To put this in context our overall strategy is to help grow the ecosystem of developers working with Symbian OS. So what we may loose with developers picking up the free tool, rather than one of the commercial ones, we expect to gain when they start to see rewards for their Symbian OS development and move to the commercial tools, because the tools enable them to create application faster and more efficiently.

Richard: On-device debugging for S60 in the Developer version seems to have been a long time coming, why has it taken until now?

D’Arcy: I think many people believe it was an issue about IP and what curious developers may find from debugging on a phone, but the reality is that it is all about ROM budget. Even adding 50k or 100k to a ROM can change the profitability of a phone. So providing a feature in a multi-million production run of a phone, so that a few thousand developers could do on-device debugging, was an unacceptable hit on the margins.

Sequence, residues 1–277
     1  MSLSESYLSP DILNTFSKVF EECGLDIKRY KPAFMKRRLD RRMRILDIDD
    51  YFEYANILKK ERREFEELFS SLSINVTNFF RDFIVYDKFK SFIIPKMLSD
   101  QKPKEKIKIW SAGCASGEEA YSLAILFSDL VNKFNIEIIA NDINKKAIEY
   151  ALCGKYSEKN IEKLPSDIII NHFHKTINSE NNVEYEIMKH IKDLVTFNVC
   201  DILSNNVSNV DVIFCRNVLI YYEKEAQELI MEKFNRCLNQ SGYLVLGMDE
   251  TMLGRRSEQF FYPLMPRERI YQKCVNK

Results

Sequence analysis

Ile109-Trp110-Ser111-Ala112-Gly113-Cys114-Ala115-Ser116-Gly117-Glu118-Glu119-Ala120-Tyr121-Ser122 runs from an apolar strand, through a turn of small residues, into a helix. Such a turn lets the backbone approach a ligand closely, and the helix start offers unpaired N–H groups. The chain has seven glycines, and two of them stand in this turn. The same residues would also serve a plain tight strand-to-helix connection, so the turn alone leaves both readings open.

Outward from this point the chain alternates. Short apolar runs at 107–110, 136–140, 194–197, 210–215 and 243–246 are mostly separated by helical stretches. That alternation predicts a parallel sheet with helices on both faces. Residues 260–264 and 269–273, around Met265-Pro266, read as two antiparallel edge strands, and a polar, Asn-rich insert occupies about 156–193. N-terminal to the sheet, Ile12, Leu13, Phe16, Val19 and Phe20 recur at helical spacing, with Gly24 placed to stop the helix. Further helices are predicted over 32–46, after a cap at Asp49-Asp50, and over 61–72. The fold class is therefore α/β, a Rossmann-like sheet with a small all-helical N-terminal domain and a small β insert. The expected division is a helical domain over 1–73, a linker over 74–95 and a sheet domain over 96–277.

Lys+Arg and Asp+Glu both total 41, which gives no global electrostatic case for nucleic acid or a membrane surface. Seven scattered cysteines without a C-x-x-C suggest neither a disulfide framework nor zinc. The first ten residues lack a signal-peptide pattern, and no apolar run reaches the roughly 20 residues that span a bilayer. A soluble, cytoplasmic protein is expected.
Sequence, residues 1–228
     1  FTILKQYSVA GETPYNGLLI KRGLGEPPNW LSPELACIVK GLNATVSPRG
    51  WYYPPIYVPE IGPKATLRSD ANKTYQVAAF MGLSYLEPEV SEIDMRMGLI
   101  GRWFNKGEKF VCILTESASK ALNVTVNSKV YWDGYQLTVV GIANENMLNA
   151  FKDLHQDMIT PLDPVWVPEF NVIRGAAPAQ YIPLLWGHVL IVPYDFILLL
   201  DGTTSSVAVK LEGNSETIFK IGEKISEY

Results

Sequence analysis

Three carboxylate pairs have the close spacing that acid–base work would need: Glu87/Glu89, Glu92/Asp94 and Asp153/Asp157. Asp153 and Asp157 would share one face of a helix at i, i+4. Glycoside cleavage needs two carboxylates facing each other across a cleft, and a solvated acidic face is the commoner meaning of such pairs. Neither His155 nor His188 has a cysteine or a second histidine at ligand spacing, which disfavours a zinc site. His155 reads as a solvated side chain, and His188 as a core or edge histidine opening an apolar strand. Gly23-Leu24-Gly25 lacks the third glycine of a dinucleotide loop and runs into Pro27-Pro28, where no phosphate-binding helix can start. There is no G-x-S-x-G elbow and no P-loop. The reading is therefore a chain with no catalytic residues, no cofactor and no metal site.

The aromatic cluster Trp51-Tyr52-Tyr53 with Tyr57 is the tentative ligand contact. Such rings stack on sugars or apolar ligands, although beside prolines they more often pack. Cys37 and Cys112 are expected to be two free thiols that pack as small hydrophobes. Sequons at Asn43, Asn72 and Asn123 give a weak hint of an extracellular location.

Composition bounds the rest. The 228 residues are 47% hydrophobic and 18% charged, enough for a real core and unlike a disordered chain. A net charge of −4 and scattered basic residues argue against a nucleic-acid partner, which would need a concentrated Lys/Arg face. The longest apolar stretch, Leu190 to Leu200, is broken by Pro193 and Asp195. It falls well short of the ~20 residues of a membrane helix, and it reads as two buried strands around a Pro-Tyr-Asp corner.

We have overcome that issues by re-architecting the debugger so that it can now be loaded into a device’s RAM; so the developers who need on-device debugging can get it without impacting the ROM on millions of phones.

Richard: So will on-target debugging be available for all S60 devices?

D’Arcy: No, its only something we will be offering for devices based on S60 3rd Edition, but once developers get to S60 3rd Edition devices there is no special build required. They will just load in the debugger into a commercial phone and can then debug their own applications.

Richard: And presumably they will have to wait for the Carbide.c++ tool too?

D’Arcy: No, it’s available today for developers with the CodeWarrior for Symbian OS Professional tools, assuming they have access to a 3rd Edition device.